The Shape They’re In: Stage Fright at 50

The third album by The Band would prove to be one of most auspicious efforts of their career

The Band 1970 (Photo: Norman Seeff / Art: Ron Hart)

“See the man with stage fright… He got caught in the spotlight…” 

So goes the chorus to the title track from The Band’s third album. One of many highlights from the group’ s classic catalogue, the song reflected the group’s unsettled state at the time. Indeed, Stage Fright would prove to be one of most auspicious efforts of their career. Coming on the heels of their two seminal releases — home to such signature songs as “Tears of Rage,” “The Weight,” “Long Black Veil,” “This Wheel’s on Fire” and “I Shall Be Released” (from Music From Big Pink) and “Across the Great Divide,” “Rag Mama Rag,” and Up On Cripple Creek” (from their eponymous sophomore set) — Robbie Robertson, Garth Hudson, Levon Helm, Richard Manuel and Rick Danko had a high bar of their own making. Added to that, the fact that they had long since made their break with their original taskmaster, Bob Dylan, made this, their third album, even more intimidating from the get-go.

Fortunately, they proved up to the challenge. Having been playing and performing together for the better part of a decade, they were a seasoned, tightly tuned combo while still the shadows of Dylan and their previous employer, Ronnie Hawkins. Still, with two clear classics under their belts, they had a lot to live up to. They had reached a point of due reckoning. The accolades from the press had them heralded as forebears of a rock revival Their’s was a homegrown brew with a down-home delivery, one that captured the imagination and enthusiasm of the public, the pundits and especially rock’s royalty. Even those at the very top of the musical pantheon — George Harrison and Eric Clapton in particular — publicly proclaimed the fact that they so admired The Band’s back to basics approach, that they hoped to emulate their efforts themselves. 

It was indeed quite a legacy to live up to…

The Band Stage Fright, Capitol 1970

In retrospect, Stage Fright may not have equalled those first two efforts, but it did come close. Certain songs — the title track, “The Shape I’m In,” “Time To Kill,” “Daniel and the Sacred Harp,” and “The W.S. Walcott Medicine Show” rank among the most memorable songs in the group’s canon, and while other albums of merit would follow, Stage Fright could be considered their last real masterpiece, especially when it comes to its cohesiveness and clarity. It even managed to climb into the Top Five — a far better showing than either of its predecessors — and while the reviews were mixed at best, it did fare far better in retrospect, with some critics later heralding it one of The Band’s best.

Nevertheless, a change in tone was apparent. While there were some joyful moments to be sure — the minstrel romp which found the aforementioned “The W.S. Walcott Medicine Show” another ideal example of their spunk, funk, spirit and savvy — it also bore a somewhat clouded perspective as well. There was a sense of anxiety and uncertainty that was borne out in the title track and songs such as “Daniel and the Sacred Harp,” “The Rumor,” “Sleeping,” “The Shape I’m In,” and “Time To Kill.” Each to a degree hinted at a sense of uncertainty, and a deliberate blend of merriment and melancholy. The group’s musical dexterity remained intact, with each member playing multiple instruments as they had done before, but the fact that this would be the last album to feature songwriting contributions from Richard Manuel (“Sleeping” and “Just Another Whistle Stop,” both cowritten with Robbie Robertson) now seems significant given the fact that a downward spiral due to drugs and depression would eventually result in his suicide some 16 years later. Other fine albums would follow, but taken in tandem, Stage Fright could be considered The Band’s final great hurrah.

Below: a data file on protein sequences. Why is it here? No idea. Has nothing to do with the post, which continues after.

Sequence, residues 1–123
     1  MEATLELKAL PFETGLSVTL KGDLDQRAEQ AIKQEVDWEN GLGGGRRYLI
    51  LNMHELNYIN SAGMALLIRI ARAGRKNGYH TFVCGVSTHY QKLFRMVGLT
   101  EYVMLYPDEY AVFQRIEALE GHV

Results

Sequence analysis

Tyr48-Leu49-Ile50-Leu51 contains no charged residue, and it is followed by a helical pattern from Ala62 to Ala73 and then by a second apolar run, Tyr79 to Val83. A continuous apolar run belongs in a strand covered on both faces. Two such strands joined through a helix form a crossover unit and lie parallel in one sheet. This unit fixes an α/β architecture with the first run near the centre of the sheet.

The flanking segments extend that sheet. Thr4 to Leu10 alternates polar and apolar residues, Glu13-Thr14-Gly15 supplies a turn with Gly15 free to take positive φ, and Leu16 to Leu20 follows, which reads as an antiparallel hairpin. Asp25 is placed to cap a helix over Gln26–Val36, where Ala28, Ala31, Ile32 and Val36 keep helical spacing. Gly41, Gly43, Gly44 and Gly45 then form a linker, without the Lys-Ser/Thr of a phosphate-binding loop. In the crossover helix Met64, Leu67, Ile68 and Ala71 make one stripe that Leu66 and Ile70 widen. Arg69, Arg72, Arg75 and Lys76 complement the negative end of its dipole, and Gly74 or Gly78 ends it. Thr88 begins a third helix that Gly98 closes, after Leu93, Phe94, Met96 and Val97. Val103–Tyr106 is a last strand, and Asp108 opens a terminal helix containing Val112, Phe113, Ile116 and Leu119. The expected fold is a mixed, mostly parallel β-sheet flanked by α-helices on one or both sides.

Happily, they still had a way to go before disbanding and reforming years alter sans the services of Robbie Robertson . To paraphrase another lyric from that title song, “When they got to the end, they wanted to start all over again.” 

Sadly though, it would never be the same. 




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Lee Zimmerman

Lee Zimmerman is a writer and columnist based in beautiful Maryville Tennessee. Over the past 20 years, his work has appeared in dozens of leading music publications. He is also the author of Americana Music: Voice, Visionaries, and Pioneers of an Honest Sound, which will be published by Texas A&M University Press early next year.

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